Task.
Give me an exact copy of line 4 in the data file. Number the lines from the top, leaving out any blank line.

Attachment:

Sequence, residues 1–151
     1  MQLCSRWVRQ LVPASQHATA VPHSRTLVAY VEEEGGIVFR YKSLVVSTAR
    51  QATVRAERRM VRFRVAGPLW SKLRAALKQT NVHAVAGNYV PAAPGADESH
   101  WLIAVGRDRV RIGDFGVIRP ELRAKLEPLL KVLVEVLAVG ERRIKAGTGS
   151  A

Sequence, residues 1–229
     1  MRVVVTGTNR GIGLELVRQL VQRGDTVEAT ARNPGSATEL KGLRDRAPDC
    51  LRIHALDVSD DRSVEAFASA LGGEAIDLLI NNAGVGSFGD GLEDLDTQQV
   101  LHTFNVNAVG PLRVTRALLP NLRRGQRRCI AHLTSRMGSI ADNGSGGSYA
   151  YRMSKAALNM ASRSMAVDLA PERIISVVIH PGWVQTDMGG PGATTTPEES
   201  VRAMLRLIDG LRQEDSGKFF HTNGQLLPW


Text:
   101  WLIAVGRDRV RIGDFGVIRP ELRAKLEPLL KVLVEVLAVG ERRIKAGTGS